Change Over Time in the Type and Functions of Crib Speech Around the Fourth Birthday




Mead, Danielle L.

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Crib speech, the monologue speech of a young child just before he or she falls asleep, has been examined in very few studies to date. Crib speech falls under the larger domain of private speech, which is more broadly defined as overt speech that is not directed to another person. Private speech has been explored in relation to motivational and self-regulatory functions, and there are few studies that have examined private speech in pretend play or pre-sleep contexts. This study examines the crib speech of a young girl between the ages of 46 and 50 months, and examines the different functions of her crib speech, as well as the course of linguistic and fantasy dialogue development. More specifically, this study addresses (1) what the content of her pre-sleep monologues is and if the content changes over time, (2) how her crib speech evolves linguistically over time, (3) whether the language/literacy practice function of crib speech changes over time, (4) how her fantasy dialogue in crib speech develops over time, and (5) whether there are differences in the content of speech depending on whether she fell asleep by the end of the recording. A total of 57 recordings were analyzed over months, and each lasted up to 45 minutes during her daily nap or “quiet time.” Every utterance in each transcription was coded as whispered or in full volume, spoken or sung, and social or private speech. Content codes within private speech were reliably coded into several categories: self-regulation (and then further coded as either: talk-relevant self-regulation, emotion regulation, or language modification), fantasy dialogue (and then further coded as containing role-playing content), emotion, and language/literacy practice. Repeated-measures ANOVAs and linear curve estimations were run to detect changes in the content and complexity of crib speech over three time periods (e.g., each time period consisted of 19 days), as well as over individual days. Results indicated that she did use crib speech during each recording day, lasting for an average of 41 minutes. On average, each day consisted of 340 utterances and had a mean length of utterance (MLU) of around three words, and the MLU over the recorded days revealed a non-linear, inverted-U shape curve. There was a strong positive correlation between the within-day proportions of emotion talk and self-regulation utterances. Language practice was found to increase over time, while emotion content, fantasy dialogue, and role-playing dialogue revealed a non-linear, inverted U-shape over time. She had fewer undecipherable and emotion utterances on days that she fell asleep, compared to days where she played the entire time. While the girl in this study was older than the children in prior crib speech studies, language practice and language-modification was still prevalent. Since her sung utterances were longer than spoken utterances, it may be beneficial for some children to encourage them to express their thoughts in song and to practice singing long strings of words to promote language development.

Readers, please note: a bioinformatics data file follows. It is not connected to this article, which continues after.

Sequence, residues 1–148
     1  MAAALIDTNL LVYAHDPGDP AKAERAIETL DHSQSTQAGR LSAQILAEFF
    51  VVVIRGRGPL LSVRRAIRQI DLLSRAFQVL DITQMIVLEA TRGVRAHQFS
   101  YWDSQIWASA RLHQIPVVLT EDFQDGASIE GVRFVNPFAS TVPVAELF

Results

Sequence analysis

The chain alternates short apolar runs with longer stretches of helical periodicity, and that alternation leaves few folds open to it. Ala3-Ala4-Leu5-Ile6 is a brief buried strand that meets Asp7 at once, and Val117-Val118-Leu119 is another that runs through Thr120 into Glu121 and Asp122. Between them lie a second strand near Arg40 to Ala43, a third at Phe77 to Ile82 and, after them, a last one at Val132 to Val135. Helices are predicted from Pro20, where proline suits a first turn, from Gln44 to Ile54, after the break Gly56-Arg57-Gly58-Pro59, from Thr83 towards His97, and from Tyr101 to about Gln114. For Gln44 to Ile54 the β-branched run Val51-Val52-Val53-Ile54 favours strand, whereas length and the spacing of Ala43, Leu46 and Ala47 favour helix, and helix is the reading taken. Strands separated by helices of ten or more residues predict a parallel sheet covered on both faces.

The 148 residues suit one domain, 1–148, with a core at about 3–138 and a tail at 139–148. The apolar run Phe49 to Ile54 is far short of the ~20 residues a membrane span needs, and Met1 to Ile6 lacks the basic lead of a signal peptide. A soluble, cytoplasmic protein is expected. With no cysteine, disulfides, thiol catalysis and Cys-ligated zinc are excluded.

Crib speech, Private speech, Language development, Preschool